Army Tanks

The AT-2 Swatter anti-tank guided missile, which was introduced by the Soviet Union in 1960, is one of the earliest of the first generation anti-tank missiles. It uses an MCLOS (Manual Command to Line Of Sight) guidance system. The operator guides the missile to its target using a joystick control.

A variant of the AT-2 Swatter anti-tank missile, the AT-2C Swatter C, uses SACLOS (Semi-Automatic Command to Line of Sight) guidance.

The Swatter weighs 58.4lbs (26.5kg) and is 44.5 inches (1130mm) long.  Because it is quite bulky, the AT-2 guided missile is usually mounted on launch rails in banks of four and fired from an AFV. It can be mounted on a helicopter.

Two AT-2 Swatter Anti-Tank Guided MissilesA solid fuel motor propels the AT-2. This anti-tank missile has a flight speed of 335.5 miles per hour (540km/hr).   Four stabilizing fins keep the AT-2 on course.

The hollow charge warhead is capable of penetrating up to 19.68 inches (500mm) of armor at a maximum effective range of 1.55 miles (2500m).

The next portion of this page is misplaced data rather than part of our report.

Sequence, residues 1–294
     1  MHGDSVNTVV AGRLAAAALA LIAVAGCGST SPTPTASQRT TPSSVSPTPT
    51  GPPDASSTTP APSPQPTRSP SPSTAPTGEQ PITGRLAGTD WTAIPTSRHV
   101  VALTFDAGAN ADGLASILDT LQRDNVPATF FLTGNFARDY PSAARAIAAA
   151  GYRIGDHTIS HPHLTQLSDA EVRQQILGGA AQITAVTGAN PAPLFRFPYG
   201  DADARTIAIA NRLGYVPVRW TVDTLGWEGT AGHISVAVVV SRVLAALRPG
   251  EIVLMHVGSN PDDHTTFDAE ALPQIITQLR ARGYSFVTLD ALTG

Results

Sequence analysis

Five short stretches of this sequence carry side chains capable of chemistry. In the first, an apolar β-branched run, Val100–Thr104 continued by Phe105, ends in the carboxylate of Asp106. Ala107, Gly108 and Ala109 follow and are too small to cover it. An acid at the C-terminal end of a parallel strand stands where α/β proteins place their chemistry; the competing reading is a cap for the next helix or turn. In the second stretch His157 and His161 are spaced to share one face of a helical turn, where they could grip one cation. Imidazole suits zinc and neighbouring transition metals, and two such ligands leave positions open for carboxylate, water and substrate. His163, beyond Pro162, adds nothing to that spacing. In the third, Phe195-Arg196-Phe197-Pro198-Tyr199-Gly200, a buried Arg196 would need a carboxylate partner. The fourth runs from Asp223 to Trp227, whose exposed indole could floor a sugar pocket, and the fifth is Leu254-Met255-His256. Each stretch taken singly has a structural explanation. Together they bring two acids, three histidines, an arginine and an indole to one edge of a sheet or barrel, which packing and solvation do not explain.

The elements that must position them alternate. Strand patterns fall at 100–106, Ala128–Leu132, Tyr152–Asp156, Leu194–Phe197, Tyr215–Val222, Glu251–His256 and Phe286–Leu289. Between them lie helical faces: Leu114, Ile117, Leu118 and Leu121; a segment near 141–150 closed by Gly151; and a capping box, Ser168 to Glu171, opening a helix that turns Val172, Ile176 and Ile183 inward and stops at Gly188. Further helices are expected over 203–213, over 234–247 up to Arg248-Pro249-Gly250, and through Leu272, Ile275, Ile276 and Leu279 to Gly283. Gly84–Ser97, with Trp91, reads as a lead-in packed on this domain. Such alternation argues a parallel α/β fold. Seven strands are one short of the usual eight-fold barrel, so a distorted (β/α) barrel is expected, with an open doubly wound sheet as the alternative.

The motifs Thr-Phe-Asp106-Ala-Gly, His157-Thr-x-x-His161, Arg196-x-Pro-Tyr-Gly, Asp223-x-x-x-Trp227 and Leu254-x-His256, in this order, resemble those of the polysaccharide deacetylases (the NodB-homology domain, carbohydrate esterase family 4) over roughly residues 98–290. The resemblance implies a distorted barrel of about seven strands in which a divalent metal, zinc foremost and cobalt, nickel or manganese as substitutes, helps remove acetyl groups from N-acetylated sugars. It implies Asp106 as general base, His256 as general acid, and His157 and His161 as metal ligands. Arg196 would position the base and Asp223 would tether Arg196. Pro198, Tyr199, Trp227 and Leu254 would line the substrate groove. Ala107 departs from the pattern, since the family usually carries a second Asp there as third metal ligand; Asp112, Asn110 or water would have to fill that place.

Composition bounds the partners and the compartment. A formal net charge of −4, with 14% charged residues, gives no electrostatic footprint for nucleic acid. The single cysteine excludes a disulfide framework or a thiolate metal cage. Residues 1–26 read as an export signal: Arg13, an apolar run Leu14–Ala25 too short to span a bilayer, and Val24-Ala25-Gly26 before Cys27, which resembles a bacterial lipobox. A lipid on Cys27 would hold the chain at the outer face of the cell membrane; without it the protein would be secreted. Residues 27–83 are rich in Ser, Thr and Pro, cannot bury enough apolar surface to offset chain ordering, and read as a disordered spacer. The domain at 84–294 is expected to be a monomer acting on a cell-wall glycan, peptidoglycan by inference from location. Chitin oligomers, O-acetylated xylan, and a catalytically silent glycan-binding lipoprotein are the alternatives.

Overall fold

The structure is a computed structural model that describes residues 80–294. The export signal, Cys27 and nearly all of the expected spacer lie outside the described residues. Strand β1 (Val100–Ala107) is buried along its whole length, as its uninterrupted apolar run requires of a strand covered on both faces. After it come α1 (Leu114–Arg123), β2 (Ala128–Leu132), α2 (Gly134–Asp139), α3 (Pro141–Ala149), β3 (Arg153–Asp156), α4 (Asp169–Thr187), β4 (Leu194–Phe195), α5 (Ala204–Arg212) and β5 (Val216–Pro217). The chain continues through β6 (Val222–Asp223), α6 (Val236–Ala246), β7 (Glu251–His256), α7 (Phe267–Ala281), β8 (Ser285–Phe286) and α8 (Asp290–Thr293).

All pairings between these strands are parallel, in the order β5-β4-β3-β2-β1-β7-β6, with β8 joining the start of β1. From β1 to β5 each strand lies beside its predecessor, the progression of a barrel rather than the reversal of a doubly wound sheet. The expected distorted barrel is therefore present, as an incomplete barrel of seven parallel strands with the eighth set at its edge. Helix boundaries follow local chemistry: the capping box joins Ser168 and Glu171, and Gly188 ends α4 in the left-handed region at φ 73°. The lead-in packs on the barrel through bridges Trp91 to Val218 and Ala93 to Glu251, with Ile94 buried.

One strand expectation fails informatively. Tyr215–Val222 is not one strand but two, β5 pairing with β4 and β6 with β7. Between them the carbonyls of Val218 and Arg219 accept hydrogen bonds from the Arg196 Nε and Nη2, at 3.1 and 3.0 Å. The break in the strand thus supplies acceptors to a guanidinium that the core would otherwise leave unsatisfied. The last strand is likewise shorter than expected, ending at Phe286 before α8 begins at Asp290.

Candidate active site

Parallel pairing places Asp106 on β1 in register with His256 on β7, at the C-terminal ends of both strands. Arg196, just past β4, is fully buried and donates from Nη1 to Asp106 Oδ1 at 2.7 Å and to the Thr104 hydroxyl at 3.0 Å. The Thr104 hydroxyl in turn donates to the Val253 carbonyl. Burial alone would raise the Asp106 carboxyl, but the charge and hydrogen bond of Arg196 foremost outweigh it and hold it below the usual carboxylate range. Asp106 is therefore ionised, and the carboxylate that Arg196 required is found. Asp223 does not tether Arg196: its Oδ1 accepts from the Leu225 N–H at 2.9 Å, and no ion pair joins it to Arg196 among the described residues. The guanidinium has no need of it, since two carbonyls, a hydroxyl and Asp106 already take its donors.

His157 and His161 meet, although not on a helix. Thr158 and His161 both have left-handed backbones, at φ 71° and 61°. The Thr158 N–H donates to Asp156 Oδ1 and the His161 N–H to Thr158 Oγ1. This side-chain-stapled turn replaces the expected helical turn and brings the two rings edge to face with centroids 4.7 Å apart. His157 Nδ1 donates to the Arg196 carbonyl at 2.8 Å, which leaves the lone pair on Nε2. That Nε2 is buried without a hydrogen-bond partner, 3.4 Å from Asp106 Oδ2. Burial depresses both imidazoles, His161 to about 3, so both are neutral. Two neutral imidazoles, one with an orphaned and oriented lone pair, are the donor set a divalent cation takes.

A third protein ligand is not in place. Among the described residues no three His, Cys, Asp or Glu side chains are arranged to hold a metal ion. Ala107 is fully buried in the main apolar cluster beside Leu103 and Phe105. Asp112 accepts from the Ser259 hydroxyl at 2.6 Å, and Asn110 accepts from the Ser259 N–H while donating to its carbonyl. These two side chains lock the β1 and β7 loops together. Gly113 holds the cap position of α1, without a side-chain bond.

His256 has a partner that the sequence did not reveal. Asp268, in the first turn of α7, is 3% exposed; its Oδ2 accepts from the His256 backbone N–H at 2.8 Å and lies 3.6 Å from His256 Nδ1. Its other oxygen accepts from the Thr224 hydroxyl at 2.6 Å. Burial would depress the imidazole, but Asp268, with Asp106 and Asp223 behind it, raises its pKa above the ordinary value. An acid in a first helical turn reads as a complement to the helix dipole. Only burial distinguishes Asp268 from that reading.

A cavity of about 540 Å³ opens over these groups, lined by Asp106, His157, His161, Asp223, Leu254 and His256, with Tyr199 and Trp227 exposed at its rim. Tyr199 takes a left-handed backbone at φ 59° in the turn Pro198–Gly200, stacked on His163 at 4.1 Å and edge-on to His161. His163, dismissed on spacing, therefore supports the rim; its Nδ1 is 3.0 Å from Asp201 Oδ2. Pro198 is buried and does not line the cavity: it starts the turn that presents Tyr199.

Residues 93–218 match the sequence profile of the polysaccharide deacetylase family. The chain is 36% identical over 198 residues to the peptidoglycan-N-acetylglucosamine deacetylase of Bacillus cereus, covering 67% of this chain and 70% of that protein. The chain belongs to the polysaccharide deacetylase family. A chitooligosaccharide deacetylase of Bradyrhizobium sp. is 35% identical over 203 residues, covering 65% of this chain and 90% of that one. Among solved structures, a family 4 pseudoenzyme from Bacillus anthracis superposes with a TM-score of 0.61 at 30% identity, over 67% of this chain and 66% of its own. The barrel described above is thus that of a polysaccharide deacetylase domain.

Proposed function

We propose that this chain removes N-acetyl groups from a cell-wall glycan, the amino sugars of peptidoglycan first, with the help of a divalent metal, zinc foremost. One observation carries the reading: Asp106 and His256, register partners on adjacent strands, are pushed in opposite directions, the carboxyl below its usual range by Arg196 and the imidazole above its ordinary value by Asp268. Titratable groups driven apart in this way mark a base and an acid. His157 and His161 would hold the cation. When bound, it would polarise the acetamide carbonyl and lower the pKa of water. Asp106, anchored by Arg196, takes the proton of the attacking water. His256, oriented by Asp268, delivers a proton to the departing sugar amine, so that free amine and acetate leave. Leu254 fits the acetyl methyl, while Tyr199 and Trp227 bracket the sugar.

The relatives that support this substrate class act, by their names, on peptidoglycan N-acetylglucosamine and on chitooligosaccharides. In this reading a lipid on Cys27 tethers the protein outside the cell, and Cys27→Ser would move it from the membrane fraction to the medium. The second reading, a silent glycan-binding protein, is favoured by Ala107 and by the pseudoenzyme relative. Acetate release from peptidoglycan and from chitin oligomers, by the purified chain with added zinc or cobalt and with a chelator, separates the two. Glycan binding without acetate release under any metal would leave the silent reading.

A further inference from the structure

There have been three versions of the AT-2: AT-2A Swatter A, which is the original model, AT-2 Swatter B, and AT-2 Swatter C, which uses

AT-2 Swatter is the NATO reporting name for this weapon.  Previously, the three versions of the weapon were known by different names. Model AT-2 A, the original version was called the 3M11 Falanga, model AT-2B was called the 9M17 Skorpion and model AT-2C was known as the 9M17 Falanga-M.

The AT-2 Swatter anti-tank missile was used by the Egyptian Army during the 1967 War and by the Iraqi Army during the Iran-Iraq war in the 1980s.